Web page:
- The Washington Times - Tuesday, April 21, 2009

BOSTON | Some 25 miles into Monday’s Boston Marathon, Kara Goucher found herself just minutes away from history. A win would have been the first by an American in the event since 1985.

But she also found herself battling with defending champion Dire Tune of Ethiopia and Salina Kosgei of Kenya.

Emerging from the Massachusetts Avenue underpass, Goucher, who had been pushing the pace hard for the previous five miles, threw her gloves to the side of the road.

“I wasn’t going to quit,” she said. “I was feeling my hands getting ready for the sprint, and I could feel the sweat on my hands, but the gloves had to go.”

A couple of city blocks later, Goucher, 30, turned onto Hereford Street, struggling to stay in contention. She was falling back, a spectator to the closest finish in race history.

Kosgei, who had never won a major marathon, surged into the lead with 400 meters to go down Boylston Street. But Tune, who eked out a two-second triumph last year, was not done. The 23-year-old thrust into the lead in the last 50 meters and appeared headed for her second straight win.

But a final surge by Kosgei pushed her through the finishing tape in 2 hours, 32 minutes, 16 seconds with a huge smile and a $150,000 payday. One second later, Tune crossed the line and collapsed. Minutes later, she was taken on a stretcher to Massachusetts General Hospital, where she was being held for observation.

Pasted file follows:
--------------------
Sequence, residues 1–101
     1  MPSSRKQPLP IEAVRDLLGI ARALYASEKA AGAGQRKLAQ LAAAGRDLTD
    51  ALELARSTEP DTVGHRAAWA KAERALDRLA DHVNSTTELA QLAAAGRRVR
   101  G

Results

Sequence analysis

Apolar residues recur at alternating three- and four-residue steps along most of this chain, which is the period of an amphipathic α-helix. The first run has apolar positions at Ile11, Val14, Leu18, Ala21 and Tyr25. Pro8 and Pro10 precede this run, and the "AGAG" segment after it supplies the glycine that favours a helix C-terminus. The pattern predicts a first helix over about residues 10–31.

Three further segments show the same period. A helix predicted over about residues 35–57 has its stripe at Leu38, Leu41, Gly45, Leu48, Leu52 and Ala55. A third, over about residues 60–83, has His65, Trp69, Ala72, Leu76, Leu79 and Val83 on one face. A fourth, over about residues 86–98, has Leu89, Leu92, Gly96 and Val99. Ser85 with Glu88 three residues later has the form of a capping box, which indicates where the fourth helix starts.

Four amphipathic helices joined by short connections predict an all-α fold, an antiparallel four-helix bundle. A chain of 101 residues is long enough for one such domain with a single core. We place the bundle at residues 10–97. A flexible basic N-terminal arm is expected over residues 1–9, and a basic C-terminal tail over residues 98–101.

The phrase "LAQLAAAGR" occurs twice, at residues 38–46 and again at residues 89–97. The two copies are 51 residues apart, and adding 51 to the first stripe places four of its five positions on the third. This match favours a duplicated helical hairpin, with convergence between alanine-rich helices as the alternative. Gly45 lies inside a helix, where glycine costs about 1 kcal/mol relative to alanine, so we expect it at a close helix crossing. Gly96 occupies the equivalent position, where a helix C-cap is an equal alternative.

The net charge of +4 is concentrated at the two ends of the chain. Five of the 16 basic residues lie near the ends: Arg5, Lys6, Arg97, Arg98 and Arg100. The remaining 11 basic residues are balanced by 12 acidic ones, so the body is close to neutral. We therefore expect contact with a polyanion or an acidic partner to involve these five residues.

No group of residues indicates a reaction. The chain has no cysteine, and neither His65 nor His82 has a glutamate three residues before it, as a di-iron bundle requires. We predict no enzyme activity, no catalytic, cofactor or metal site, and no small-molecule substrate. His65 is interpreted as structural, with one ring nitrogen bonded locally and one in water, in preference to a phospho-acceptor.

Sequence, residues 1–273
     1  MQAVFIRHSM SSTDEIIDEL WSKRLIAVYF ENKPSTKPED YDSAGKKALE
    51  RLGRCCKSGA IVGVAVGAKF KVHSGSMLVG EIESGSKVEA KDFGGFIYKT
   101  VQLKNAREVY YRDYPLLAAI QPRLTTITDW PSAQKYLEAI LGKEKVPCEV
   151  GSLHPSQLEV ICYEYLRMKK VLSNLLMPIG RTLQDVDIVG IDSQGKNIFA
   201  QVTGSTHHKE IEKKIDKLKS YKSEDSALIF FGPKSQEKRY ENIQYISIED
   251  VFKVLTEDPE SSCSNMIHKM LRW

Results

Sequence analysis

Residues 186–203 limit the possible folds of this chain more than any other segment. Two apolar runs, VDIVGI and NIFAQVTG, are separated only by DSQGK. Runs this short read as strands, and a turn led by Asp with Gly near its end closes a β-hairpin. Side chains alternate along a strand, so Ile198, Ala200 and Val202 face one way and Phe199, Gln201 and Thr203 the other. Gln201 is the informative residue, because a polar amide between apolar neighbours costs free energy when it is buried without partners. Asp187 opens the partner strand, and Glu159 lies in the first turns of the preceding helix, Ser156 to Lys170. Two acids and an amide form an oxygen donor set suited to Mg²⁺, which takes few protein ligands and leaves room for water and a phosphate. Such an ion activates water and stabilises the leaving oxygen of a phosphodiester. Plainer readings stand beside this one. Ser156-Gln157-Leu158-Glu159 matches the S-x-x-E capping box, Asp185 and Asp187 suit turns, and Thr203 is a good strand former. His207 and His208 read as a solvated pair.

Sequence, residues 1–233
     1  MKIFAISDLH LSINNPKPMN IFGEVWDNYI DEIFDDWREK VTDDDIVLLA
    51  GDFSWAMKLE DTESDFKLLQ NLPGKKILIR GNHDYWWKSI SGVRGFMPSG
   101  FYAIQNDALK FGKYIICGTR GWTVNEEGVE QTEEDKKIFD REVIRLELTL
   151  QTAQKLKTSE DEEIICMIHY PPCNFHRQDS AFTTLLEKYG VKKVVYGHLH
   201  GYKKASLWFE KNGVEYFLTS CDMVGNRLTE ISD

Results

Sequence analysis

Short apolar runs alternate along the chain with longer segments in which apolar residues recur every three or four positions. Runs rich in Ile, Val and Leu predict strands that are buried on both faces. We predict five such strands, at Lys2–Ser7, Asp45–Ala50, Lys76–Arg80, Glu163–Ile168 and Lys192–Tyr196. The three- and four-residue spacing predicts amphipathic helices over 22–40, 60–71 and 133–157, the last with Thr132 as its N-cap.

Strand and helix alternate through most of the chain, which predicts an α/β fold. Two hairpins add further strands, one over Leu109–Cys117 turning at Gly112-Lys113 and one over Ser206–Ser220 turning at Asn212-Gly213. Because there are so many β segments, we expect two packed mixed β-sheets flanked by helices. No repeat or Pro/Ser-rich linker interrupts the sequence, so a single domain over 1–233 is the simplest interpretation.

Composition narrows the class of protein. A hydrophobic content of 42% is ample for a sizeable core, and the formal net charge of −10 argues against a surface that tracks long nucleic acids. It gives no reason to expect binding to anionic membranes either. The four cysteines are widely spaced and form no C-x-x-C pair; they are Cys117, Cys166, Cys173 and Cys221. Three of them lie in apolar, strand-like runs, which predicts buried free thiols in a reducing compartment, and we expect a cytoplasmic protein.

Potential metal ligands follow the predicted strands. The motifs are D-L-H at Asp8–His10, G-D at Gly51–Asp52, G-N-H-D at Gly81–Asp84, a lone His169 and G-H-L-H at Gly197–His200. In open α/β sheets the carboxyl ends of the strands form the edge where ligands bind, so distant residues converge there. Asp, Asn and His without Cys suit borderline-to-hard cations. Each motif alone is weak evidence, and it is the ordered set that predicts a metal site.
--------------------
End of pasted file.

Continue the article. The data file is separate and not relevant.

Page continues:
Goucher ended nine seconds off the pace in teary disappointment.

Goucher’s finish was matched by the other highly touted American in the field of 23,156, Ryan Hall. The 26-year-old was no match for Deriba Merga of Ethiopia, who ran away with the race between Miles 18 and 20.

“I’m not disappointed,” Hall said. “I ran the very best I could. Especially coming off the Olympics, I thought this was a step in the right direction for me.”

Merga took the 113th running of the world’s oldest annual marathon in 2:08:42, adding another victory to his win at Houston three months ago. Merga has faded in big races in the past, including losing third in the waning moments of the Olympic Marathon last year. But not Monday.

Kenyan Daniel Rono was second in 2:09:32, holding off a sprinting Hall by eight seconds. Three-time defending champion Robert Kipkoech Cheruiyot of Kenya, who was attempting to become the first man to win this race four consecutive times, dropped out after 15 miles.

While both Hall and Goucher placed third, their races were different. Hall pushed a wild opening pace, running a 4:38 first mile and a 14:34 first five kilometers, 47 seconds faster than was split during the course record three years ago.

It caught up to Hall, who slipped to 11th after 16 miles. But it also caught up with others; Hall worked back to fourth after 19 miles and third after 22.

Goucher was part of a large, slow pack that passed the halfway point in 1:18:12, more than three minutes slower than last year. Goucher asserted herself near Mile 21 as the course rolled downhill toward Boston.

But Goucher could not match the closing speed of Kosgei and Tune. American Colleen De Reuck finished eighth, one place better than she did 15 years ago when she still was running for her native South Africa. The 45-year-old placed third (1997), fifth (1998), and fourth (1999) in her other Boston attempts.

South African Ernst Van Dyk (1:33:29) won the men’s wheelchair division for the eighth time, the most Boston wins ever. Japan’s Wakako Tsuchida (1:54:37) was first for the women.

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